Can unisex fashion trends be tied to gender equality

Fashion designers and boutiques are now selling clothing that is gender-neutral or can be worn either by men or women. This trend has been covered by both The New York Times Style Section as well as The Guardian.

There was also the transgender Caitlyn’s Vanity Fair Cover and Miley Cyrus’ self-identification as gender fluid.

Before we toast a post-gender world, it is important to distinguish between marketing and real progress towards gender equity. Fashion can certainly advocate for social changes. Style can also exploit social movements by aestheticizing them to make them seem cool and profitable.

Subcultures and fashion subvert the mainstream.

We must understand fashion in its historical context to fully appreciate it. We can’t comprehend clothes without the context of their meaning or the industries that make and market them.

In the research, I have studied how subcultures of the United States use clothing to create communities that are critical of mainstream values. There’s been a long tradition of blurring gender lines in dress to show equality between the sexes and freedom from sexual roles.

Women’s rights activist Lucy Stone is wearing bloomers that bear the name of their creator, Amelia Bloomer. Wikimedia commons

The New Harmony utopian socialist community was founded in 1824 and allowed both men and women to wear trousers. It was borderline-scandalous for the era but representative of their vision of gender equality. Amelia Bloomer, a women’s rights activist in the late 19th Century, famously argued that women should be allowed to wear bloomers under their dresses.

Unisex styles, in less political contexts, such as the counterculture of the 1960s, distinguished hippies from middle-class society. This allowed hippies with similar values to identify one another, but it could also be dangerous. Peter Fonda, Dennis Hopper, and others discovered during the filming of Easy Rider that men with long hair were frequently asked if they were boys or girls – not in a friendly manner. The violent ending of the film was based on these real-life experiences.

In the 1980s, when hip-hop was a cultural phenomenon, both male and female breakdancers (also known as b-boys and b-girls) wore tracksuits or other athletic clothing to perform, blurring gender lines for a common physical ability.

These examples were all organic and outside the fashion industry. These examples show how people, especially those at the margins, adapt and remix the clothes they have available. They create new styles and meanings through a process that anthropologist Claude Levi-Strauss called “bricolage.”

Fashion industry motives

When the fashion industry promotes unisex styles, like the Peacock Revolution in the late 1960s and the groovy style in the 1970s, it is always about making money.

While unisex fashions today may appear as another benchmark for equality, it is rarely progressive when viewed through the lens of a profitable fashion industry looking to make a profit.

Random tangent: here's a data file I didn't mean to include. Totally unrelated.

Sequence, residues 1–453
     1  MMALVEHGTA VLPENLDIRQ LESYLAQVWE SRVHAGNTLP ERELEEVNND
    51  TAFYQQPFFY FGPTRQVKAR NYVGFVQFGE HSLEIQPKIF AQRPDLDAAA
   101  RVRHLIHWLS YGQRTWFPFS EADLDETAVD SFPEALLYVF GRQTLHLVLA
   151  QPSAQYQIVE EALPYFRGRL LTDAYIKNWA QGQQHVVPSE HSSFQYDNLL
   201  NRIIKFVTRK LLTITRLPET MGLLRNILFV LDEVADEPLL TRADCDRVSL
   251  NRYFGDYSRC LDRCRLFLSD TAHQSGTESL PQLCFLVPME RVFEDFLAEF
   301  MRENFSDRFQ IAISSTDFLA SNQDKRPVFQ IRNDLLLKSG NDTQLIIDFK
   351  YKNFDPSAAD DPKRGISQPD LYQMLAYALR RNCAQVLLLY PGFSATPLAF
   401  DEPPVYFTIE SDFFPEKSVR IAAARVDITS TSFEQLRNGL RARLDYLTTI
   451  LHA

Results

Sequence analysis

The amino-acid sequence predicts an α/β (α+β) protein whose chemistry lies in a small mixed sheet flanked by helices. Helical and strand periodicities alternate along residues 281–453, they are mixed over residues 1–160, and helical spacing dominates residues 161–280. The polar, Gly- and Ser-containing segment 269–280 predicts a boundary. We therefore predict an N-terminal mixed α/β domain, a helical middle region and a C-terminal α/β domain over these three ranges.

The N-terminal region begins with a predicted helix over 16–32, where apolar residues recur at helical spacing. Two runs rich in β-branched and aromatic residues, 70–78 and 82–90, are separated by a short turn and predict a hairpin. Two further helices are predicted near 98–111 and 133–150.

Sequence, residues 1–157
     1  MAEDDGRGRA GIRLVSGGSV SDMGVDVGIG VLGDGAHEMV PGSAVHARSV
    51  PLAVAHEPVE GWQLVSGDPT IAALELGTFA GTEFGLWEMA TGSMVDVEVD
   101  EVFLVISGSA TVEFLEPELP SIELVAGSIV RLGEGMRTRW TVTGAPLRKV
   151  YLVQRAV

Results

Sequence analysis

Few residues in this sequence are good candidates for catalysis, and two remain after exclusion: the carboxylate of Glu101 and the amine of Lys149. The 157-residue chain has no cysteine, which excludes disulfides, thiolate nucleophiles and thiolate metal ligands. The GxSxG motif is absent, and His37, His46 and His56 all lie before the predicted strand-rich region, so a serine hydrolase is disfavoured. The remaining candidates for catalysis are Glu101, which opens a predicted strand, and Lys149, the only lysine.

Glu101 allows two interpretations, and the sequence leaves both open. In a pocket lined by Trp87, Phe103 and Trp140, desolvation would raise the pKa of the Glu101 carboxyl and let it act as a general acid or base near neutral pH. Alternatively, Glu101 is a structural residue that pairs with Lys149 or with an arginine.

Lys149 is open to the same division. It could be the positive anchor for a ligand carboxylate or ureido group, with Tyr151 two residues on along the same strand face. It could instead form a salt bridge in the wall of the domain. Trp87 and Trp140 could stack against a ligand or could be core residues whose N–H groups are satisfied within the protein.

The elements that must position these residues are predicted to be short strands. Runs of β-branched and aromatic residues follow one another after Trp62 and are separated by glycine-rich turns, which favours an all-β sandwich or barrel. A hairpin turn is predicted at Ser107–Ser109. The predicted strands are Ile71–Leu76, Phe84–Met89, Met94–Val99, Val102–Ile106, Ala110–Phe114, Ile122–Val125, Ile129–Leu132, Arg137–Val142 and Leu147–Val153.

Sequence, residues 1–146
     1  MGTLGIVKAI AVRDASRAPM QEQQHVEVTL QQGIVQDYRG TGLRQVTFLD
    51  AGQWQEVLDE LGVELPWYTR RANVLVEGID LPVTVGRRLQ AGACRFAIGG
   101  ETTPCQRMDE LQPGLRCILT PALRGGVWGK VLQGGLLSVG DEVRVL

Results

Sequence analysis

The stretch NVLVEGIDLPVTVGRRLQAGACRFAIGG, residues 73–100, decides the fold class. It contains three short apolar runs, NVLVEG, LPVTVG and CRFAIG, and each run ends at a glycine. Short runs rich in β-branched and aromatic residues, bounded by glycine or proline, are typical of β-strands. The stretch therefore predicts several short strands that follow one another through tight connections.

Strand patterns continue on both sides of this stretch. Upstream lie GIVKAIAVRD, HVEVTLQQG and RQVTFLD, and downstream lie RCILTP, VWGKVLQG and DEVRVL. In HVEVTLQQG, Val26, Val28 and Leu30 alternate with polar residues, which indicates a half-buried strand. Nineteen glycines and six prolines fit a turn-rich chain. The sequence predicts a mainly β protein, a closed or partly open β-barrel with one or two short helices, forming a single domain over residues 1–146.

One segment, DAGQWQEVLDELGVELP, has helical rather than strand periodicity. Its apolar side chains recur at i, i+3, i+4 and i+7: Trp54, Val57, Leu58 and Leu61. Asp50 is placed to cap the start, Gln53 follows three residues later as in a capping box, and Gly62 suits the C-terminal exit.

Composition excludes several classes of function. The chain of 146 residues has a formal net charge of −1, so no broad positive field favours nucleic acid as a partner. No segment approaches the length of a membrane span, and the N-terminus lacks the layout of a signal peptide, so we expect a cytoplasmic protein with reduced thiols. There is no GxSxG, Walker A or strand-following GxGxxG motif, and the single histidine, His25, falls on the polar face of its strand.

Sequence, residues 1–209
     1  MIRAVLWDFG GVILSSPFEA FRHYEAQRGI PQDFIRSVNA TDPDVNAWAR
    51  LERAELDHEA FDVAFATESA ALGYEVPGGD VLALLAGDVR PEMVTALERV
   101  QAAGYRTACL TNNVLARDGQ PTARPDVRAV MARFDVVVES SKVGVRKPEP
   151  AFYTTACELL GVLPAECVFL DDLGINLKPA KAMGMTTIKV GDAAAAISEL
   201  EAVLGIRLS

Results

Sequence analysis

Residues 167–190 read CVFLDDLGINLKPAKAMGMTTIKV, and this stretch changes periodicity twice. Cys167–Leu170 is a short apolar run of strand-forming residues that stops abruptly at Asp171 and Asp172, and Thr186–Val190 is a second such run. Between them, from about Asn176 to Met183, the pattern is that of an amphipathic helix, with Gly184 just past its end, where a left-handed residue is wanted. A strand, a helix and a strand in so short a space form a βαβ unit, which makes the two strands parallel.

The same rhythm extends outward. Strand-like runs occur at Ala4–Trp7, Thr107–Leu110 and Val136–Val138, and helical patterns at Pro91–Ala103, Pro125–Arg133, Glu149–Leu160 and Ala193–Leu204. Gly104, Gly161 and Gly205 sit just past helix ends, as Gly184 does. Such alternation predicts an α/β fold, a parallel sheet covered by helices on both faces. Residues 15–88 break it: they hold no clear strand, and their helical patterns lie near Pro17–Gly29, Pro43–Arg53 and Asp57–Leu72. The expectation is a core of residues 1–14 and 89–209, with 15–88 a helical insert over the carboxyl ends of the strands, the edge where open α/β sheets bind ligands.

Fashion is a business that relies on exoticism and beauty. Designers have always exploited those who are oppressed to achieve this twin ideal.

In 2010, Rodarte, a company that specializes in haute-couture, released an entire line of clothing and cosmetics which was inspired by women who worked in the factories along the border between Mexico and the United States. These women, who are often victims of violence based on gender, were the inspiration for lipsticks like “Factory” and expensive clothing they couldn’t afford.

In 2008, Erin Wasson, a model and fashion designer, claimed that the poorest people have the best style. When I go to Venice Beach, and I see homeless people, I think, “Oh my god, they are pulling out crazy looks, and they have pulled crap out of garbage cans.”

The fashion industry has been using African Americans in this manner for a long time. The 2008 cover of Vogue, which featured Brazilian model Gisele in the arms screamed basketball player LeBron James, was a subtle echo of images depicting vulnerable white women being threatened by animalistic men of color. Taylor Swift’s Wildest Dreams video is a colonial fantasy. Blacks are absent from the African setting. Fashion magazines are known to hire white models and “black them up”.

Model Jack Huang wears a unisex outfit at Mercedes-Benz Fashion Week Australia. “Unisex” via

All of these examples repackage racial and social differences as “exotic”. They are designed to appeal to the eyes and create a clear division: There is us (the mainstream consumer) and them (the outcasts that we are fascinated by, disgusted by or thrilled about).

It is possible that the fashion industry’s current interest in unisex clothing or gender-free clothes may be similar. Transgender models such as Andreja Nef and Hari Nef appear on the runways and in fashion magazines. However, the true difficulties faced by transgender people are not often acknowledged. It is especially true for transgender people of color, who are victims of horrifying amounts of violence.

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